Regarding the quality measure related to Medicare Spending Per Beneficiary, they explained that this measure compares Medicare spending on care episodes or residents in a specific skilled nursing facility with the national average. 

They noted that a spending ratio equal to the national average signifies comparable spending, while a higher or lower ratio indicates either higher or lower spending, respectively.

Mota said it is important to track and understand spending patterns to support care coordination, efficiency, and resource allocation within skilled nursing facilities.

“The Medicare Spending Per Beneficiary quality measure is a measure that’s displayed as a way to measure itself. [It] reflects where the Medicare spends about the same, more or less on an episode of care or resident in a specific SNF compared to all SNFs in the nation,” Mota said. “To interpret the ratio, you need to understand that ratio that is equal to the national average means that Medicare spending was about the same as all sickness in the nation.”

Annual Payment Update (APU) data submission requirements

McGladrey and Mota also discussed the new Annual Payment Update (APU) data submission requirements.

The new SNF QRP operates as a pay-for-reporting program rather than pay-for-performance, and the APU determination will be based on the submission of data and the subsequent calculation of quality measures.

They outlined the timeline for data collection and application of APU, noting a two-year delay between data collection and fiscal year application. For instance, data collected in 2023 will support fiscal year 2025 APU calculations.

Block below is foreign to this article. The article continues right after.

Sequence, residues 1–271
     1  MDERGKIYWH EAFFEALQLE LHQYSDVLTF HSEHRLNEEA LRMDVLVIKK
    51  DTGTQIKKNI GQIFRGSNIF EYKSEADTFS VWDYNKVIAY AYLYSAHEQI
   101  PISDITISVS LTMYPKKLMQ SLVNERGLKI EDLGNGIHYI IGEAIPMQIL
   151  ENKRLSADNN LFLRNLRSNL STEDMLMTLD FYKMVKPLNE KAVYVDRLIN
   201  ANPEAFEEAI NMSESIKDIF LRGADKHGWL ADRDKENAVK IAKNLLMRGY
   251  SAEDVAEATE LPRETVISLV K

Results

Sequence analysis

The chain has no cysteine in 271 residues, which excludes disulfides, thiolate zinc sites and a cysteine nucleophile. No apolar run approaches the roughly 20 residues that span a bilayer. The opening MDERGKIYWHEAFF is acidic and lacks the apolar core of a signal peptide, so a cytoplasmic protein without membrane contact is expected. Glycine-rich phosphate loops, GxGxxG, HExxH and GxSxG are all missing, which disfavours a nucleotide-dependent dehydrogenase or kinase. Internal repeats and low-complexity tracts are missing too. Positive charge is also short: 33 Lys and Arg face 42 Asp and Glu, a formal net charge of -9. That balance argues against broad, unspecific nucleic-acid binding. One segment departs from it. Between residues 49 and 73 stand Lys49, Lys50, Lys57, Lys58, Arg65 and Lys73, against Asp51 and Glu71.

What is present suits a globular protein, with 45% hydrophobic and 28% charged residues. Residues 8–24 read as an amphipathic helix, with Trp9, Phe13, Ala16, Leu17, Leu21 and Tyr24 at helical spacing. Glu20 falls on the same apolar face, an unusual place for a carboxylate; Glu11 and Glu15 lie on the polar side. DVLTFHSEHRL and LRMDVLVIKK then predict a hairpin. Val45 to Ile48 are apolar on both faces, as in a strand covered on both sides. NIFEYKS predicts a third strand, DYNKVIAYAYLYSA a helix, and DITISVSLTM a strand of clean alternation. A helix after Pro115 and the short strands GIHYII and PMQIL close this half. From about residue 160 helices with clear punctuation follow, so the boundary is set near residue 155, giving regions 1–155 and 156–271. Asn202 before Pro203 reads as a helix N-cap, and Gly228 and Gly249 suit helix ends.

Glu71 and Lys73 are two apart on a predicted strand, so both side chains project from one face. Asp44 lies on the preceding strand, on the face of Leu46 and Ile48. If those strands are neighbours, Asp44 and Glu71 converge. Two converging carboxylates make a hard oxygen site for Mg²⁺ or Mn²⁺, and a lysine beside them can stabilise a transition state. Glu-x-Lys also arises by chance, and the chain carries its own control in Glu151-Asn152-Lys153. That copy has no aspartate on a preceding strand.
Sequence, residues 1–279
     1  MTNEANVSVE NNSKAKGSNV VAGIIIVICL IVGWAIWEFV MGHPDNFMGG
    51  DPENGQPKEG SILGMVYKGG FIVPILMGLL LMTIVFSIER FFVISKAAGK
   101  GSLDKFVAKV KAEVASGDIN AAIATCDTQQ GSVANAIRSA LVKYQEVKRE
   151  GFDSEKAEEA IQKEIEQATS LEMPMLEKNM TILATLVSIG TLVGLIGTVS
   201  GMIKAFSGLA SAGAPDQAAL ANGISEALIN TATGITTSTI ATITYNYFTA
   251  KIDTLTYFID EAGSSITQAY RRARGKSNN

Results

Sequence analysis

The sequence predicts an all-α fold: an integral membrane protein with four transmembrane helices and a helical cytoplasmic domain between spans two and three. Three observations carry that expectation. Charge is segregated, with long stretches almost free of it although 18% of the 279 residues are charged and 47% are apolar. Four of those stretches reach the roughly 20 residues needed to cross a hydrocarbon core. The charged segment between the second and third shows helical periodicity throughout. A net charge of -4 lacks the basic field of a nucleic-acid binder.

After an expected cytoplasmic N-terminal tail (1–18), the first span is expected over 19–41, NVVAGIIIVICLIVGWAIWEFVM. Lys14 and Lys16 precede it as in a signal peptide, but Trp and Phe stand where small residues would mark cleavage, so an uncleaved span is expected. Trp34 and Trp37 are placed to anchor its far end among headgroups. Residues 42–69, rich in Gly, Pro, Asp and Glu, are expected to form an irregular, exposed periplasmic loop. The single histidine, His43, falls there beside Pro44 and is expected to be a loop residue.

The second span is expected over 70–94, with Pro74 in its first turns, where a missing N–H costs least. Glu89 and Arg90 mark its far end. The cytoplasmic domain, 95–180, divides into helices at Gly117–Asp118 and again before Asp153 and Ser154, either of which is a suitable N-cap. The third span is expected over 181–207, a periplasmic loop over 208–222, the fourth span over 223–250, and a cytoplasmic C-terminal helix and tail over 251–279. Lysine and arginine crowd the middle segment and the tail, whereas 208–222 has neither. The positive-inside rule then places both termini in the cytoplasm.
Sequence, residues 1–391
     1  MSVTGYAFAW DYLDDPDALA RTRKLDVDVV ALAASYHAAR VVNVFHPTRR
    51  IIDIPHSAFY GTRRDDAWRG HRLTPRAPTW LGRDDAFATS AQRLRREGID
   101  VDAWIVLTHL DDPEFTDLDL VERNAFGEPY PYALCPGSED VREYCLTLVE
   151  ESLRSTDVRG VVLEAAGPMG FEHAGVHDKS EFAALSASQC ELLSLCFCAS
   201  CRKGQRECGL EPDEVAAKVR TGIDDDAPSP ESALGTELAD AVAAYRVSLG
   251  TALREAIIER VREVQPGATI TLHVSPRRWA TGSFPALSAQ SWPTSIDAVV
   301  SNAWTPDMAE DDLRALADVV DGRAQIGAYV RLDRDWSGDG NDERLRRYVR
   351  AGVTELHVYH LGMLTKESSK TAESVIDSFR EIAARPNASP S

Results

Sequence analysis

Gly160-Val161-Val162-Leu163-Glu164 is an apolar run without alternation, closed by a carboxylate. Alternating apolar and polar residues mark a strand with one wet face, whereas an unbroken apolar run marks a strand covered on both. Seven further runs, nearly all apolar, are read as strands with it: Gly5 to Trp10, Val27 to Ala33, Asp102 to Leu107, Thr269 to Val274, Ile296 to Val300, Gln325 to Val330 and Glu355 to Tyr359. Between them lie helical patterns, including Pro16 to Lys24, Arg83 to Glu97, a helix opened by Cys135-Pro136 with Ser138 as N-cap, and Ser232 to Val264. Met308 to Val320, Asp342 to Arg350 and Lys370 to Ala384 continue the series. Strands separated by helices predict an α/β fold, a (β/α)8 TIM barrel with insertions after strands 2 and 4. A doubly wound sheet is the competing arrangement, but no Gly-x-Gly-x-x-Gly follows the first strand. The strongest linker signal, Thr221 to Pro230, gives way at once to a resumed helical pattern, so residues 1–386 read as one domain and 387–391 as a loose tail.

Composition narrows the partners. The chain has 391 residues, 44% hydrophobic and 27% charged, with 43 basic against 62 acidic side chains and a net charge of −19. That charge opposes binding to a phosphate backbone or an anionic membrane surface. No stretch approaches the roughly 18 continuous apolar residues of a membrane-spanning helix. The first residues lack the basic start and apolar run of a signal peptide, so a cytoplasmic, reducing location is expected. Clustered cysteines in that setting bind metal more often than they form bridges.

McGladrey and Mota also delved into accessing and understanding IQ Reports for HQRP. Confidential reports aid providers in monitoring progress and APU compliance. The Provider Preview Reports offer a preview of measures that will be publicly reported, bridging confidential and public reporting realms, they said.

They noted that the Review and Correct report will have a vital role in assessing facility and resident-level quality measures, and stressed the importance of timely corrections and data accuracy to maintain compliance.

Addressing non-compliance, McGladrey said SNFs failing to meet compliance receive notifications and have the opportunity to request reconsideration within 30 days, subject to evidence and documentation guidelines.

In the Q&A portion, an operator asked about challenges with completing interviews related to unplanned discharges, particularly regarding the use of dashes and potential penalties, and if CMS would allow more time for completion and fair treatment in the future.

McGladrey said CMS does not plan to adjust the timeframes outlined in the MDS 3.0 User’s Manual.

“If the unplanned discharge assessment is combined with a PPS assessment, the use of a dash can have a negative impact on the facility Skilled Nursing Facility Quality Reporting Program compliance,” she said. “If this is a common occurrence, the facility may wish to adjust its practices to ensure the interviews are conducted as part of the admission assessment process.”